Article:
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Shashi Bhusan Hazrah Vs. Sheikh Esabar (Esrar) Ali Nazir and ors. - Court Judgment

LegalCrystal Citation
CourtKolkata
Decided On
Judge
Reported in29Ind.Cas.122
AppellantShashi Bhusan Hazrah
RespondentSheikh Esabar (Esrar) Ali Nazir and ors.;purna Chandra Pal;kalidas Samanta and ors.;jogendra Nath Sa
Cases ReferredJogandra Nath v. Krishna Pramada
Excerpt:
bengal tenancy act (viii of 1885), sections 109, 106, scope of - revenue court's duty as to fair rent--suits in civil court, bar of--revenue and civil courts, jurisdiction of--no forfeiture for mistake in selecting one court for another. - .....of the lands were lakheraj and the rest of the lands were held at fixed rents. the settlement officer held that certain of the lands were lakheraj, but that the other lands were not held at fixed rents, but were liable to have fair rents assessed. the cases were then taken before the special judge and the learned special judge agreed with the decision of the settlement officer. then second appeals were preferred to this court, and this court was of opinion that the decision of the settlement officer was ultra vires in holding that the lands were lakheraj and that the duty of the settlement officer was to settle rents having regard to the entriesthat appeared in the records of rights. this court upheld the decision in so far as it held that the other lands were not held at fixed.....
Judgment:

Fletcher, J.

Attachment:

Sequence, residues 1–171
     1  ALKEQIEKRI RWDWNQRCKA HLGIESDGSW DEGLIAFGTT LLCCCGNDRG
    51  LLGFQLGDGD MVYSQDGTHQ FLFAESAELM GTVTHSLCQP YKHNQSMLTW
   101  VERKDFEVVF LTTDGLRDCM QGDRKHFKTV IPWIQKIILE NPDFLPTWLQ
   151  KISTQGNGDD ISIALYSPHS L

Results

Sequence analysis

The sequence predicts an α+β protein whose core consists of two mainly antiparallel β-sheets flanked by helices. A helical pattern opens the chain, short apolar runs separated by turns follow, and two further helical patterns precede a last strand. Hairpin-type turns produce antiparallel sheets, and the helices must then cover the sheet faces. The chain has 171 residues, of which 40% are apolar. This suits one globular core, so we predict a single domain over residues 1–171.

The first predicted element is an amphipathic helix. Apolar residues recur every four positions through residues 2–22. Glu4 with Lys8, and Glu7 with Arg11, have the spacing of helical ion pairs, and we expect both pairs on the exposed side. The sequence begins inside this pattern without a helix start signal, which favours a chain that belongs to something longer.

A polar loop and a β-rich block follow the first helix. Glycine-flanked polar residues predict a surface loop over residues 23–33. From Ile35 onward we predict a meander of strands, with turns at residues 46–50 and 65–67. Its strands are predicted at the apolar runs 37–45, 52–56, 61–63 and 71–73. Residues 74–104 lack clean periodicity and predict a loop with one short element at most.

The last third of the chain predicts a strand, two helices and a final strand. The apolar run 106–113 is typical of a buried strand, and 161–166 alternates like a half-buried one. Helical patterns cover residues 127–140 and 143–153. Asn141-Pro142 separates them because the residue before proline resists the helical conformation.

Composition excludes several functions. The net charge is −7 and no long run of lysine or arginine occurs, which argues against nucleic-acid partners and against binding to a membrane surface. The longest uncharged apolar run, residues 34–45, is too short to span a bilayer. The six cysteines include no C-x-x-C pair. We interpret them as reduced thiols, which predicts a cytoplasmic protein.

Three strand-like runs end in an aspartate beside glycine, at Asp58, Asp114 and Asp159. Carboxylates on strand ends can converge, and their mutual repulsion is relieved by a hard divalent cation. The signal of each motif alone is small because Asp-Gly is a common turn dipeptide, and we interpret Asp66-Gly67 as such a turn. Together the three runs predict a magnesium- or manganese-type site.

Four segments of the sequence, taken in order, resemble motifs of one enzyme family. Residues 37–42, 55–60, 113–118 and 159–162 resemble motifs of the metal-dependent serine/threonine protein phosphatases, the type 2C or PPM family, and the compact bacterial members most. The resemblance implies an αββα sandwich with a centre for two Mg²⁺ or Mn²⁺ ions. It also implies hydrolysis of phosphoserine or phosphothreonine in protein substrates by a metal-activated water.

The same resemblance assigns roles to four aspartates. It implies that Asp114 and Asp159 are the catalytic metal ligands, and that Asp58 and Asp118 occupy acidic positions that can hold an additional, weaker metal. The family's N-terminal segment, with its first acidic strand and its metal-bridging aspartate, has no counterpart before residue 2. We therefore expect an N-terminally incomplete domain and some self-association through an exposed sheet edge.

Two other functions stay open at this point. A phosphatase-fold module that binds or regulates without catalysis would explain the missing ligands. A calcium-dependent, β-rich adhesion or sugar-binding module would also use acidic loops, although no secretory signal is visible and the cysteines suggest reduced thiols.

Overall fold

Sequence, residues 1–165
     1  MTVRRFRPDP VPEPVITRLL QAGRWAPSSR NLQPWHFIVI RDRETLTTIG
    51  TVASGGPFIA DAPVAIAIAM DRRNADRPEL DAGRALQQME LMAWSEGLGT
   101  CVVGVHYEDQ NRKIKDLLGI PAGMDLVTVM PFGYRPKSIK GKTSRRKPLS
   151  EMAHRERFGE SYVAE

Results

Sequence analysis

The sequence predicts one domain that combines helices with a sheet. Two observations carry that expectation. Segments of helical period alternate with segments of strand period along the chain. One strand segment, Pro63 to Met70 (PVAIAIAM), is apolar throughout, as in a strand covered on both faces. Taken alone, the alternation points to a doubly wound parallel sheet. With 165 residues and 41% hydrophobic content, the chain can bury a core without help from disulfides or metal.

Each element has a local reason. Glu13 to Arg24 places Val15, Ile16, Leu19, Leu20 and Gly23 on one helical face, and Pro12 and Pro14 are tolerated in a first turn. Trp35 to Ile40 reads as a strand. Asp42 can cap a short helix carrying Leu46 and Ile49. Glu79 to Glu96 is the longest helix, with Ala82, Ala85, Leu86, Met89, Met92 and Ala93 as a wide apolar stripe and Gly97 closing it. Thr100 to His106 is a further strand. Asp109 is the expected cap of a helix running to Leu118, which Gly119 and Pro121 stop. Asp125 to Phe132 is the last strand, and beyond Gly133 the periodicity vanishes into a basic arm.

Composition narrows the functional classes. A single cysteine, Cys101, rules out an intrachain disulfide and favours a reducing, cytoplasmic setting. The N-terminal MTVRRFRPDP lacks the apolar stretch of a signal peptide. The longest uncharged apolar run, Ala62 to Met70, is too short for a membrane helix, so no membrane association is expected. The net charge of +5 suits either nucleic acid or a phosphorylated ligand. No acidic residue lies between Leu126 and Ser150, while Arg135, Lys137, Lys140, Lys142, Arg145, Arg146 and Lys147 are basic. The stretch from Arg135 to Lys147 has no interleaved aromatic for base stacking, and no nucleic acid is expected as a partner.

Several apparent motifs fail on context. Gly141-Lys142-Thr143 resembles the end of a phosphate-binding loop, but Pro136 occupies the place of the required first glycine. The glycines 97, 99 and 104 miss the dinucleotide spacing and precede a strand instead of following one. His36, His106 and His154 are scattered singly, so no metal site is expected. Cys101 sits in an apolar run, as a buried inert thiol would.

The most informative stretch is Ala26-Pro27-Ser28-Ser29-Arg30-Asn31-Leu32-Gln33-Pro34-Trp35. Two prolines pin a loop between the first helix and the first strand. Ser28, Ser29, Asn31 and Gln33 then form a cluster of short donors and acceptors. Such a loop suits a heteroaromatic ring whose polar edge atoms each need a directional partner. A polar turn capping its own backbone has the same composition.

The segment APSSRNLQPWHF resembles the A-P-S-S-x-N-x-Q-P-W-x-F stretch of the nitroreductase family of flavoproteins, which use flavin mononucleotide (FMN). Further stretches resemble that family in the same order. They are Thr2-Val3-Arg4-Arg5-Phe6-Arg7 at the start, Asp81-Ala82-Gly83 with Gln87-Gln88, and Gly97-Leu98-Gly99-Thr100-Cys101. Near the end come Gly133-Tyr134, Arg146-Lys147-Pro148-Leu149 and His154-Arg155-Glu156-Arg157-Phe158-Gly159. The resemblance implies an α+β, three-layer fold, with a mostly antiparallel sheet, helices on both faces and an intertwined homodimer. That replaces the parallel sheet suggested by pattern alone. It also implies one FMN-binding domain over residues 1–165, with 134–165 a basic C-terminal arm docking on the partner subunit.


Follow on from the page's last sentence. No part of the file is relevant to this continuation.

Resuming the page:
1. These appeals are preferred by the defendant, who is the darpatnidar of a certain mouzah, called Nagarpore, of which his father obtained a darpatni settlement on the 13th April 1899. The plaintiffs in these cases are the various tenants in the mouzah. The rights that the plaintiffs allege they have in the lands are either that their lands are lakheraj, or, in two cases, I think, that they are held at fixed rents. The only objection that has been raised before us is as to whether the Civil Conrt had jurisdiction to hear and determine these suits. Proceedings were commenced on the 27th July 1901 by the father of the defendant to baye a Record of Rights prepared and that being done, the record was finally published on the 9th July 1903, and the lands of the plaintiffs in those suits were all recorded as mal lands. The defendant's father then applied under Section 105 of the Bengal Tenancy Act for assessment of fair and equitable rents of the lands. Objections were raised by the tenants, namely, that certain of the lands were lakheraj and the rest of the lands were held at fixed rents. The Settlement Officer held that certain of the lands were lakheraj, but that the other lands were not held at fixed rents, but were liable to have fair rents assessed. The cases were then taken before the Special Judge and the learned Special Judge agreed with the decision of the Settlement Officer. Then second appeals were preferred to this Court, and this Court was of opinion that the decision of the Settlement Officer was ultra vires in holding that the lands were lakheraj and that the duty of the Settlement Officer was to settle rents having regard to the entriesthat appeared in the Records of Rights. This Court upheld the decision in so far as it held that the other lands were not held at fixed rents. Then the cases went back to the Settlement Officer and he settled, in accordance with the decision of this Court, fair rents under the provisions of the Bengal Tenancy Act. The tenants then went to the Civil Court and they brought, amongst other suits, the suits that are now under appeal in which they asked for a declaration either that the lands were lakheraj or that they were held at fixed rents. It is now argued that the decisions of the Courts below are wrong, on the ground that the decision of the Settlement Officer or rather the Revenue Court with reference to what is the fair and equitable rent is binding and conclusive and that the tenants are not entitled to question that decision in any Civil Court. Of course, that is so under the provisions of Section 109 of the Bengal Tenancy Act, provided that the question in the Civil Court is concerning any matter which is or has clearly been the subject of an application made under Sections 105 to 108 of the Bengal Tenancy Act. But it is obvious from the decision of this Court in the second appeals, to which I have referred, that this Court held that the Revenue Officer was not competent to go behind the Record of Rights and enquire what was the real nature of the interest of the tenants. This Court said that the duty of the Revenue Court was limited to the inquiry as to what was the fair rent having regard to the entry that appeared on the Record-of-Rights. It is quite obvious that, in that view, Section 109 of the Bengal Tenancy Act would not be a bar to the present suits.